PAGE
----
We sometimes get impressed by stories of so-called meditators who freeze themselves into a fixed zombie state for 5 or 6 hours, or even more... its just plain silly really. The only time we will know for certain how good we are as a practitioner is when we are close to dying. Prior to that, its not really favourable to make too many speculations as to which type of meditation, how long to meditate, or which path is the real thing. Such considerations aren't really conducive to real spiritual growth and positive fruits. 

Edited by C T
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Be careful about miraculous cures, often they come with strings attached (money, allegiance and so on).

As someone who has healed himself of a serious mental health issue (substance abuse and associated psychosis) I would like to encourage you that the biggest factor in healing is maintaining a healthy and balanced lifestyle.

 

One of the key criteria to this is setting healthy sleeping and eating patterns.

That is to say, set one time every night when you go to sleep and another time every morning when you wake up.  Try to establish at least 7-8 hours of sleep every night set according to that plan.  Keep going with it and don't break it if at all possible.

For eating patterns, you should figure out what times you need to eat in order to keep your blood sugar levels balanced.

Usually most people eat directly after waking up, and then again sometime between 11:30 AM and 1 PM.and then again after 6 PM.   What you eat is also very important, you need to adjust your diet to fit with the type of lifestyle you live.  If you do heavy exercise all the time, you should eat foods that are higher in protein, but also make sure to get lots of green leafy vegetables, fruits and so on.   Try to avoid foods that alter the chemistry of the brain such as sugar or caffeine, at least until you have the symptoms of your bi polar disorder under better control.

 

You should also adjust a schedule for physical exercise every day..  Whether it is doing a set of Qi gong, or just going for a long walk in the fresh air, make sure you exercise at the same time every day.  Usually the two best times to exercise are in the early morning, or around 6 in the evening.  The early morning reason is because not many people are out and the weather will be cooler in the summer months.  6 in the evening is because the blood pressure is at its highest between 3-5 PM, so technically those are the best times to get heavy exercise, but most people work until five and need some downtime or a commute home.   Exercising around six pm is a very good time because the blood pressure hasn't started dropping yet.   Between seven and nine you should set yourself to having dinner and engaging in some sort of quiet activity such as reading, meditating, or spending time with family.    I think most people are well served by going to bed before midnight, I usually sleep between 10:30 to 11:00 PM and rarely later.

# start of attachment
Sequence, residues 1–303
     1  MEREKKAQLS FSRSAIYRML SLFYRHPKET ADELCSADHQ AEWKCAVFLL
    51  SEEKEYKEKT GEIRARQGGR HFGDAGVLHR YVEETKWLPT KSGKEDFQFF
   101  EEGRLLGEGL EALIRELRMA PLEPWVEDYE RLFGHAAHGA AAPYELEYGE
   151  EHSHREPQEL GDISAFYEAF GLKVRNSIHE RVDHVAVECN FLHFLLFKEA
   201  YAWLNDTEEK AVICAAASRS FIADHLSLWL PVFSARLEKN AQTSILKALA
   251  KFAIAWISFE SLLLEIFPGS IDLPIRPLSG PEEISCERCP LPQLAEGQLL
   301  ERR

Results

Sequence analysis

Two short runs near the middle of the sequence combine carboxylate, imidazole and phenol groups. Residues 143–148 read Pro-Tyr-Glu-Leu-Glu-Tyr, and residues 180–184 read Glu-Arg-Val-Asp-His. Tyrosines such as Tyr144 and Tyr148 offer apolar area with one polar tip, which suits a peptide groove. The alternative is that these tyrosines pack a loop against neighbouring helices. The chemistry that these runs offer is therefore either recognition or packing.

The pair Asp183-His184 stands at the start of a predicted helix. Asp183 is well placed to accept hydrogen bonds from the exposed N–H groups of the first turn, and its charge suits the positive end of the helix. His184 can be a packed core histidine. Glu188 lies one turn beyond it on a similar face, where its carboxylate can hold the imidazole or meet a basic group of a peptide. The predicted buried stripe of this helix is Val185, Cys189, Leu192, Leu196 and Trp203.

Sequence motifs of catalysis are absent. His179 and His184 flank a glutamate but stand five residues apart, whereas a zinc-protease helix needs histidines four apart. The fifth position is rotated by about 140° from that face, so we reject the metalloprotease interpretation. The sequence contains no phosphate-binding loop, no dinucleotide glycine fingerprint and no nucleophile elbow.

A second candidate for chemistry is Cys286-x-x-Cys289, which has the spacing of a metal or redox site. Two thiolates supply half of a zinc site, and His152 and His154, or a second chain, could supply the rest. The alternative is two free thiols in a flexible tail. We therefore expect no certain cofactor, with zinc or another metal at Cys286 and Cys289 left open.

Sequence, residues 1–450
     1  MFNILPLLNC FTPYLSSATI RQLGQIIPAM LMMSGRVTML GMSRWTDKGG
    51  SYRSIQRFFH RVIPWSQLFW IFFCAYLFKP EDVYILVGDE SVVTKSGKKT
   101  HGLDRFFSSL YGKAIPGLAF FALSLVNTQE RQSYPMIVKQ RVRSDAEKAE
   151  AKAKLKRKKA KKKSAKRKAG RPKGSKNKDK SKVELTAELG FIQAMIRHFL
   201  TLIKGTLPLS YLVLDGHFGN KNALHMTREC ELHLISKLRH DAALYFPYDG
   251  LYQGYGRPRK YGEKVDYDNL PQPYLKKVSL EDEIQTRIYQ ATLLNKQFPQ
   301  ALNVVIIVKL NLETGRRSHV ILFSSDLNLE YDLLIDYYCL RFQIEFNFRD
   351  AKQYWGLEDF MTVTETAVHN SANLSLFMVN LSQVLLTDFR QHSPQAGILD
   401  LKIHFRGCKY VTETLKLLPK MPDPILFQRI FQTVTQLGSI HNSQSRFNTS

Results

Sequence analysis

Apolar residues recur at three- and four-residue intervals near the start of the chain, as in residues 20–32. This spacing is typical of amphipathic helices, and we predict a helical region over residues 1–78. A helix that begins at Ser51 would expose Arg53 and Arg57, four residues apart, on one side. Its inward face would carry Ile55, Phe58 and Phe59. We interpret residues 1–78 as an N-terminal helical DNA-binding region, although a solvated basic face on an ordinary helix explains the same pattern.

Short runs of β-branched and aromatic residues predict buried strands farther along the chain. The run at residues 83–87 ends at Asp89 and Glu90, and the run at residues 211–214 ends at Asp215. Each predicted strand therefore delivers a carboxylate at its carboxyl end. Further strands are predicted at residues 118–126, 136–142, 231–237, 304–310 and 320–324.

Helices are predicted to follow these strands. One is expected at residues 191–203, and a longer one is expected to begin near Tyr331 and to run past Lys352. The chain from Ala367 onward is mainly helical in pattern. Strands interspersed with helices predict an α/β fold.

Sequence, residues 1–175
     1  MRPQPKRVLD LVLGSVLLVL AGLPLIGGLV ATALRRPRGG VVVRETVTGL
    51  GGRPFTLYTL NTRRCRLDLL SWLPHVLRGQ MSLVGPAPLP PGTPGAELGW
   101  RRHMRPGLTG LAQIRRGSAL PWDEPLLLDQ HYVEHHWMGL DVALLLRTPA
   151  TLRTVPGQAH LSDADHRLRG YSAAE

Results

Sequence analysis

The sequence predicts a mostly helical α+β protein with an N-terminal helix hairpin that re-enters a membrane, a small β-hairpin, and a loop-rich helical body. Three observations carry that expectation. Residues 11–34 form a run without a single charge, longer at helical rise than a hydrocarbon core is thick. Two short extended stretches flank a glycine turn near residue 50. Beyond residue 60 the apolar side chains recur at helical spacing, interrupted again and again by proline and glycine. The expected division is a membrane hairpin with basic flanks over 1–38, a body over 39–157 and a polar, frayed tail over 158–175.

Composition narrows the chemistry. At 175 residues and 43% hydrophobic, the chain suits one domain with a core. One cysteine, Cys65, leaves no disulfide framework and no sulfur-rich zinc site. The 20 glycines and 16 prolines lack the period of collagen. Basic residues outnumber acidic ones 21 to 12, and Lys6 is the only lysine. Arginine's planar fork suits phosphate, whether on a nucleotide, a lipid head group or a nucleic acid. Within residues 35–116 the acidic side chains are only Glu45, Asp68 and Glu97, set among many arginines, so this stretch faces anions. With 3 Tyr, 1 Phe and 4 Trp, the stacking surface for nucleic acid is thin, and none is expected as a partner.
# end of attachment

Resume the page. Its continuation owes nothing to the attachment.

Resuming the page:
If you can set your life according to a schedule like this (obviously you will change it to suit your needs), then you will have already broken one of the stems of mental illness, which is based on the mind not being focused.

 

another very valuable practice to do is begin to focus on breathing softly through the nose at all times.  If you are not exerting yourself, the breath should be soft enough that you can't hear it, but strong enough that you get enough air.   Begin to be mindful of the breath coming and going from the lungs and the relationship of the breath and the lower section of the torso.  It often helps to focus the mind on the lower abdomen, below the navel and above the genitals, about two inches inside of the body.

Gradually focus on the breathing and day by day let it break up some of the self talk going on in your consciousness.

You should always focus on not carrying on long monologues with yourself, since these are pointless and waste energy, as well as making you excited.

Remember that a long self talk is usually about a problem that could be better solved with a pen and paper.

 

I personally believe that self talk happens on three major levels:

1: involved conversation:  this is bad, it should be avoided as it doesn't have any specific use and is usually about trivial things that destabilize the consciousness.